You might want to put the books on hold now if you want to beat the rush to read them (or watch previous versions of favorites) before watching the new releases in the theater! I have linked each title to the available versions that our library currently owns.

MOVIESChildren
Alice Through the Looking Glass (May 27, 2016)
Fantastic Beasts and Where to Find Them (November 18, 2016)
The Jungle Book (April 15, 2016)
The BFG (July 1, 2016)
The Little Prince (March 18, 2016)
Middle School: The Worst Years of My Life (October 7, 2016)
The Great Gilly Hopkins by Katherine Paterson (February 16, 2016)

MOVIES2Young Adult
Allegiant (March 18, 2016)
The 5th Wave (January 15, 2016)
Miss Peregrine’s Home for Peculiar Children (December 25, 2016)
Delirium (September 30, 2016)
A Monster Calls by Patrick Ness (October 14, 2016)
Let It Snow by John Green (December 9, 2016)

MOVIES3Adult
The Finest Hours (January 29, 2016)
The Girl on the Train (October 7, 2016)
The Shack (August 12, 2016)
Tarzan (July 1, 2016)
Pride and Prejudice and Zombies (February 5, 2016)
Jack Reacher: Never Go Back (October 21, 2016)
The Lost City of Z by David Grann (No Date Given 2016)

Movies or Television Shows and the Books You Did Not Know They Were Based On

We know that many television shows and movies are based on books. Love them or hate them hits like Twilight, Harry Potter, Gone Girl, True Blood, Game of Thrones, and many more were based on (or inspired by) the written word. However, there are so many more movies and television series that you have already seen, or could be currently binge watching, that are also based on books and you just do not know it. Here are some of the titles that I thought were the most interesting or surprising.booktomovie1

Pitch Perfect the film may have been based on Pitch Perfect: The Quest for Collegiate A Cappella Glory by Mickey Rapkin, a non-fiction book about a capella competitions, but I have to imagine that the movie version is much more audibly entertaining.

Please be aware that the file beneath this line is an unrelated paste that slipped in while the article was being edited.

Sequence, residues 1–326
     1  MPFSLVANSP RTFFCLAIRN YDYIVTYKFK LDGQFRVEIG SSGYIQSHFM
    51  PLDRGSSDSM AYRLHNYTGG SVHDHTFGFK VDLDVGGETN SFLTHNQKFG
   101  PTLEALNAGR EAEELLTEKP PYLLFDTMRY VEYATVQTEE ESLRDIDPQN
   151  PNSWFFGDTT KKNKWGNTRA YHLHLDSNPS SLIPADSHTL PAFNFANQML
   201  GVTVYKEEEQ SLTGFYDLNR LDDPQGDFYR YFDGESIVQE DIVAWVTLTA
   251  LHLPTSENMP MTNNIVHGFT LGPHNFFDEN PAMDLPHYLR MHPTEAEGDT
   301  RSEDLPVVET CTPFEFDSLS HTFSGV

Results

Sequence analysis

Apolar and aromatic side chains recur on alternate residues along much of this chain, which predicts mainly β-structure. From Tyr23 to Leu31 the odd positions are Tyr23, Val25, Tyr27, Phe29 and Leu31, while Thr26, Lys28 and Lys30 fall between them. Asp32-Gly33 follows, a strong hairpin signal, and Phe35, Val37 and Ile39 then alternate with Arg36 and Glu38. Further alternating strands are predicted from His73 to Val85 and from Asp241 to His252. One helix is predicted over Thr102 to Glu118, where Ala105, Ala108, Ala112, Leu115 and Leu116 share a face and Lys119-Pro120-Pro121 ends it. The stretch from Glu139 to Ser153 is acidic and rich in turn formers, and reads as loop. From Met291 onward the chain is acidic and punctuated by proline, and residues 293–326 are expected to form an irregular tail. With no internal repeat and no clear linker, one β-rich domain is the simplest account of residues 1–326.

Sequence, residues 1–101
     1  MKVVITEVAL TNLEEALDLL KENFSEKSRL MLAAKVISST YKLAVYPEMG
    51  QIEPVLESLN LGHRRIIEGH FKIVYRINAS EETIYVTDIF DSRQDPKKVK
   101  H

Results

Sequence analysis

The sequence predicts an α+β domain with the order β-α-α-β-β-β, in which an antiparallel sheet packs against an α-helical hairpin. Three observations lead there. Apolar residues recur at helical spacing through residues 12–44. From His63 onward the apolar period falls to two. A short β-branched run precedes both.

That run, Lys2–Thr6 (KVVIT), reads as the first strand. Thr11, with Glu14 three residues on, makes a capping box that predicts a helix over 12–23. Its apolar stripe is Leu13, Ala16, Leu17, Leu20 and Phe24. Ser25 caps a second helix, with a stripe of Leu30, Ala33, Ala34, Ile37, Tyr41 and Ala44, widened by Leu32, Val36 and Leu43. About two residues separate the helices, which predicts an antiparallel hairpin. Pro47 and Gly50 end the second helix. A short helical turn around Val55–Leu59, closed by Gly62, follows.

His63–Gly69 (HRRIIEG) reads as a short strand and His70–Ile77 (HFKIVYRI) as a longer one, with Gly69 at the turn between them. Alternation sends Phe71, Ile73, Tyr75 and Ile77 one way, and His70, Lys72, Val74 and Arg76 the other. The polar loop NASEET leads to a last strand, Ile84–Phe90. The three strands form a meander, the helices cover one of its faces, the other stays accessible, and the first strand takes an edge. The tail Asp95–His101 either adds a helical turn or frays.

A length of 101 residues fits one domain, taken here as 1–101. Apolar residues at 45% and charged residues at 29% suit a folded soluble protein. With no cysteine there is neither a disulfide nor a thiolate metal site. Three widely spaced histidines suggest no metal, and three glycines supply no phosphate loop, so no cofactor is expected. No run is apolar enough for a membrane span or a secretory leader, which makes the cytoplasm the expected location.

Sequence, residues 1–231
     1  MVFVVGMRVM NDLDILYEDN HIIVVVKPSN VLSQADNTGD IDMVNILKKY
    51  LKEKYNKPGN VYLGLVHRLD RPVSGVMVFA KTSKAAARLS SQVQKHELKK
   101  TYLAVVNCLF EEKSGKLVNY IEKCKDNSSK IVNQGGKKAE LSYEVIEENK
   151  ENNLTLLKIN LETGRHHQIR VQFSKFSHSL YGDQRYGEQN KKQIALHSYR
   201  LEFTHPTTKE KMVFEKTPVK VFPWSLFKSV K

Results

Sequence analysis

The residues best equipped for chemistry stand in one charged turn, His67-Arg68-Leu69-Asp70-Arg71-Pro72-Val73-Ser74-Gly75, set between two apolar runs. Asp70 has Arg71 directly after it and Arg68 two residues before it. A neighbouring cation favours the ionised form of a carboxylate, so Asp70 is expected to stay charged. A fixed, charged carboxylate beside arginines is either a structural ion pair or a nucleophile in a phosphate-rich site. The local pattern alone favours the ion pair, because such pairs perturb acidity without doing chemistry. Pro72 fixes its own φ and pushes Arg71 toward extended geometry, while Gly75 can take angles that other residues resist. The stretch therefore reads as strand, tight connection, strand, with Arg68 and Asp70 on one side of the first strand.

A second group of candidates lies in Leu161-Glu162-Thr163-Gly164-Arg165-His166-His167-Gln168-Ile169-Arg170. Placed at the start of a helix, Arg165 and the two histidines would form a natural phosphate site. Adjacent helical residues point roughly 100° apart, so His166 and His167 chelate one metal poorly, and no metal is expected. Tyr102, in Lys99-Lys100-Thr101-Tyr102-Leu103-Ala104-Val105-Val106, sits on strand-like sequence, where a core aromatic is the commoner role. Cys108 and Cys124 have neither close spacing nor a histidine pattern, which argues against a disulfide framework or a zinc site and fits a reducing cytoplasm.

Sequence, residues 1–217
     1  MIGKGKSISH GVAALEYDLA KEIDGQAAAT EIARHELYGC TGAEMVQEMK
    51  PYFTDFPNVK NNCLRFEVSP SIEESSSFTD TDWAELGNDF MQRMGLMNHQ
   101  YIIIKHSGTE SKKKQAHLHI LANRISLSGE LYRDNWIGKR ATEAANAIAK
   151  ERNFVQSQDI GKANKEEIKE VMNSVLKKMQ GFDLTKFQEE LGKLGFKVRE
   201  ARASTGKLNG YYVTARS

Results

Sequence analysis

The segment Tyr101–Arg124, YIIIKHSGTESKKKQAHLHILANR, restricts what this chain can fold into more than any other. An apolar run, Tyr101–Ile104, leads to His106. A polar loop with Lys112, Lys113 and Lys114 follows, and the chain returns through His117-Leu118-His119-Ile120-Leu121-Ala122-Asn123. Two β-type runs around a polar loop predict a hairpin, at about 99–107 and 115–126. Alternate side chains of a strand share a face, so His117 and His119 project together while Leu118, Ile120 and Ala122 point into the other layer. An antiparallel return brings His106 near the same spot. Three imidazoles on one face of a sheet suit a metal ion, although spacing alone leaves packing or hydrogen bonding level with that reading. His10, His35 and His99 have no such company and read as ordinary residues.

The movie Die Hard is based on Nothing Lasts Forever by Roderick Thorp. The book was published in the late ’70s, and went out of print before the movie adaptation was released almost a decade later.booktomovie2

Shrek! by William Steig is a picturebook about an ogre who falls in love with an “ugly” princess, so part of the concept remained when the animated version of Shrek was made.

Forrest Gump by Winston Groom might have been changed a great deal in the film adaptation of Forrest Gump.  However, the award-winning film certainly helped book sales.

booktomovie4Gordon Buford wrote Car, Boy, Girl in 1961, seven years before the first Herbie the Love Bug adaptation.

The Brave Little Toaster by Thomas M. Disch was a critically acclaimed science fiction novella long before it was turned into a beloved children’s movie, also named The Brave Little Toaster, it was nominated for both a Hugo Award and a Nebula Award.

The self-help book Queen Bees & Wannabes by Rosalind Wiseman might not seem like the typical book to inspire a movie. However, it is what  Mean Girls is based on.booktomovie6